4. Salinas S, Proukakis C, Crosby A, Warner TT. Hereditary spastic paraplegia: clinical features and pathogenetic mechanisms. Lancet Neurol. 2008 Dec. 7(12):1127-38. [Medline].

  5. Schule R, Wiethoff S, Martus P, et al. Hereditary spastic paraplegia: Clinicogenetic lessons from 608 patients. Ann Neurol. 2016 Apr. 79 (4):646-58. [Medline].

  6. Tarrade A, Fassier C, Courageot S, Charvin D, Vitte J, Peris L. A mutation of spastin is responsible for swellings and impairment of transport in a region of axon characterized by changes in microtubule composition. Hum Mol Genet. 2006 Dec 15. 15(24):3544-58. [Medline].

  7. Sanderson CM, Connell JW, Edwards TL, Bright NA, Duley S, Thompson A. Spastin and atlastin, two proteins mutated in autosomal-dominant hereditary spastic paraplegia, are binding partners. Hum Mol Genet. 2006 Jan 15. 15(2):307-18. [Medline].

  8. Nolden M, Ehses S, Koppen M, Bernacchia A, Rugarli EI, Langer T. The m-AAA protease defective in hereditary spastic paraplegia controls ribosome assembly in mitochondria. Cell. 2005 Oct 21. 123(2):277-89. [Medline].

  9. Depienne C, Stevanin G, Brice A, et al. Hereditary spastic paraplegias: an update. Curr Opin Neurol. 2007 Dec. 20(6):674-80. [Medline].

  10. Agosta F, Scarlato M, Spinelli EG, et al. Hereditary Spastic Paraplegia: Beyond Clinical Phenotypes toward a Unified Pattern of Central Nervous System Damage. Radiology. 2015 Jul. 276 (1):207-18. [Medline].

  11. Fink JK. Advances in the hereditary spastic paraplegias. Exp Neurol. 2003 Nov. 184 Suppl 1:S106-10. [Medline].

  12. Tallaksen CM, Durr A, Brice A. Recent advances in hereditary spastic paraplegia. Curr Opin Neurol. 2001 Aug. 14(4):457-63. [Medline].

  13. Züchner S. The genetics of hereditary spastic paraplegia and implications for drug therapy. Expert Opin Pharmacother. 2007 Jul. 8(10):1433-9. [Medline].

  14. Paisan-Ruiz C, Dogu O, Yilmaz A, et al. SPG11 mutations are common in familial cases of complicated hereditary spastic paraplegia. Neurology. 2008 Apr 15. 70(16 Pt 2):1384-9. [Medline].

  15. Blackstone C, O'Kane CJ, Reid E. Hereditary spastic paraplegias: membrane traffic and the motor pathway. Nat Rev Neurosci. 2011 Jan. 12(1):31-42. [Medline].

  16. Hazan J, Fonknechten N, Mavel D, et al. Spastin, a new AAA protein, is altered in the most frequent form of autosomal dominant spastic paraplegia. Nat Genet. 1999 Nov. 23(3):296-303. [Medline].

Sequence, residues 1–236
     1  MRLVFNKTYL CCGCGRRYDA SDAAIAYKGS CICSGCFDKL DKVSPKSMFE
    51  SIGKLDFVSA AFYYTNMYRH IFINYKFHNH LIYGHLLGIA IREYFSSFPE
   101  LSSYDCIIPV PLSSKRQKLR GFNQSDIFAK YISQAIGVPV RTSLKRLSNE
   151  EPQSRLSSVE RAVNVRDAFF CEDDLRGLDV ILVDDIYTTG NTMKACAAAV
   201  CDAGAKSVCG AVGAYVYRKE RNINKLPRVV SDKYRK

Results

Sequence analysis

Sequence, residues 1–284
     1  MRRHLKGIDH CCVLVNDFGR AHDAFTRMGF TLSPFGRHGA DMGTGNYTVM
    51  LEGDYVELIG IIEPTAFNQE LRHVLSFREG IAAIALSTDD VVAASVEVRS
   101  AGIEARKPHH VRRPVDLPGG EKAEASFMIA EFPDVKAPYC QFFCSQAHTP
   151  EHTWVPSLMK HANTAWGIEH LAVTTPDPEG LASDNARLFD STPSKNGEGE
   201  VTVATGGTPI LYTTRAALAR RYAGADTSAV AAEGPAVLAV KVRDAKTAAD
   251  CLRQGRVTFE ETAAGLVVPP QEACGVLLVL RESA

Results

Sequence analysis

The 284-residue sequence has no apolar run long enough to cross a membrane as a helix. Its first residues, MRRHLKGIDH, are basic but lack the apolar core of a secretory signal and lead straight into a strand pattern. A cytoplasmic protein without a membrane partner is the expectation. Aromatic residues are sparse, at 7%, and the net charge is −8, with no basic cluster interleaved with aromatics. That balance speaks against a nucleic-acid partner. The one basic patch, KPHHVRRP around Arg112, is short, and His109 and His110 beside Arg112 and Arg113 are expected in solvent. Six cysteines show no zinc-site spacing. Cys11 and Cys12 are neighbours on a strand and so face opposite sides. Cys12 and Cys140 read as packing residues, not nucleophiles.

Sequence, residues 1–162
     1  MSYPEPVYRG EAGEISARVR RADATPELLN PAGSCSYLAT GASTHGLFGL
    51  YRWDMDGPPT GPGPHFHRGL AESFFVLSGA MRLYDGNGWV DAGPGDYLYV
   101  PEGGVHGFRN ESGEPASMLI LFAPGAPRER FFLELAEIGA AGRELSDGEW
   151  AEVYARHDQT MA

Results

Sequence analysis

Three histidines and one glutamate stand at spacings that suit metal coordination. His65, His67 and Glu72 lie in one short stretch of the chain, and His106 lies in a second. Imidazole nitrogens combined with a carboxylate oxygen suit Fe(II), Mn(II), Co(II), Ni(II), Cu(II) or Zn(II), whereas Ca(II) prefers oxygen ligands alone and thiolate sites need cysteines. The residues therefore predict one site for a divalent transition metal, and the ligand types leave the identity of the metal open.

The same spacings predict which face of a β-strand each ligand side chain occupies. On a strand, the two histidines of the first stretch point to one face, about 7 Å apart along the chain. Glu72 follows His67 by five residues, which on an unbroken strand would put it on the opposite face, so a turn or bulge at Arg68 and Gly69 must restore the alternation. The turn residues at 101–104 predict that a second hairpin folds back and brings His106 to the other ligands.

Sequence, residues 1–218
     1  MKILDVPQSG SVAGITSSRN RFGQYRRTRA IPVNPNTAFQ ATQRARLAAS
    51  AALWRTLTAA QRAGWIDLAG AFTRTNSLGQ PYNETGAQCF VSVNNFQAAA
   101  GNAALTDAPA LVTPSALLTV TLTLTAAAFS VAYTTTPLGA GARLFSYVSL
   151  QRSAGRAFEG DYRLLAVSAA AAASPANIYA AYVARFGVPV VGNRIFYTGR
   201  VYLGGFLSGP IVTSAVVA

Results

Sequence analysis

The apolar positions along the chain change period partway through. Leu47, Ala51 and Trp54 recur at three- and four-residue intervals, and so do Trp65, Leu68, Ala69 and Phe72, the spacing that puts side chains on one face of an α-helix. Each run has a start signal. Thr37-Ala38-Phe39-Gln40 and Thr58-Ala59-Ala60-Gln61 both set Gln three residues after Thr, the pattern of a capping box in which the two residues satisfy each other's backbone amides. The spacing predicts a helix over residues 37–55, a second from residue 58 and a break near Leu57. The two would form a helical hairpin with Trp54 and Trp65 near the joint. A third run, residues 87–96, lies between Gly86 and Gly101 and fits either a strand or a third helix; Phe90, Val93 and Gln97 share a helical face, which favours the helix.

17. Fink JK, Rainier S. Hereditary spastic paraplegia: spastin phenotype and function. Arch Neurol. 2004 Jun. 61(6):830-3. [Medline].

  18. Orlacchio A, Patrono C, Gaudiello F, et al. Silver syndrome variant of hereditary spastic paraplegia: A locus to 4p and allelism with SPG4. Neurology. 2008 May 20. 70(21):1959-66. [Medline].

  19. Tzoulis C, Denora PS, Santorelli FM, et al. Hereditary spastic paraplegia caused by the novel mutation 1047insC in the SPG7 gene. J Neurol. 2008 Jun 23. [Medline].

  20. Stevanin G, Santorelli FM, Azzedine H, Coutinho P, Chomilier J, Denora PS. Mutations in SPG11, encoding spatacsin, are a major cause of spastic paraplegia with thin corpus callosum. Nat Genet. 2007 Mar. 39(3):366-72. [Medline].

  21. Steinmüller R, Lantigua-Cruz A, Garcia-Garcia R, Kostrzewa M, Steinberger D, Müller U. Evidence of a third locus in X-linked recessive spastic paraplegia. Hum Genet. 1997 Aug. 100(2):287-9. [Medline].

  22. Fink JK, Heiman-Patterson T, Bird T, et al. Hereditary spastic paraplegia: advances in genetic research. Hereditary Spastic Paraplegia Working Group. Neurology. 1996 Jun. 46(6):1507-14. [Medline].

  23. Hazan J, Lamy C, Melki J, et al. Autosomal dominant familial spastic paraplegia is genetically heterogeneous and one locus maps to chromosome 14q. Nat Genet. 1993 Oct. 5(2):163-7. [Medline].

  24. Appleton RE, Farrell K, Dunn HG. Pure' and 'complicated' forms of hereditary spastic paraplegia presenting in childhood. Dev Med Child Neurol. 1991 Apr. 33(4):304-12. [Medline].

  25. Schlipf N, Schüle R, Klimpe S, Karle K, Synofzik M, Schicks J, et al. Amplicon-based high-throughput pooled sequencing identifies mutations in CYP7B1 and SPG7 in sporadic spastic paraplegia patients. Clin Genet. 2011 Aug. 80(2):148-60. [Medline].

  26. Schady W, Smith CM. Sensory neuropathy in hereditary spastic paraplegia. J Neurol Neurosurg Psychiatry. 1994 Jun. 57(6):693-8. [Medline]. [Full Text].

  27. Schady W, Dick JP, Sheard A, Crampton S. Central motor conduction studies in hereditary spastic paraplegia. J Neurol Neurosurg Psychiatry. 1991 Sep. 54(9):775-9. [Medline]. [Full Text].

Photograph of a 16-year-old girl with complicated hereditary spastic paraplegia. She has a spastic gait disturbance, mental retardation, and extrapyramidal symptoms. Note the dysmorphic features.
Dysmorphic appearance of a 16-year-old girl with complicated hereditary spastic paraplegia. This patient displays a short stature (145 cm) and hair loss. Anterior (left), lateral (middle), and posterior (right) views are shown.
General appearance of sisters with complicated hereditary spastic paraplegia. They are aged 16 and 17 years. Physical examination revealed increased deep tendon reflexes in all 4 extremities, with an extensor plantar reflex. Sensory losses in the patients have affected mainly their joint positions and vibration sensations.
All material on this website is protected by copyright, Copyright © 1994-2016 by WebMD LLC. This website also contains material copyrighted by 3rd parties.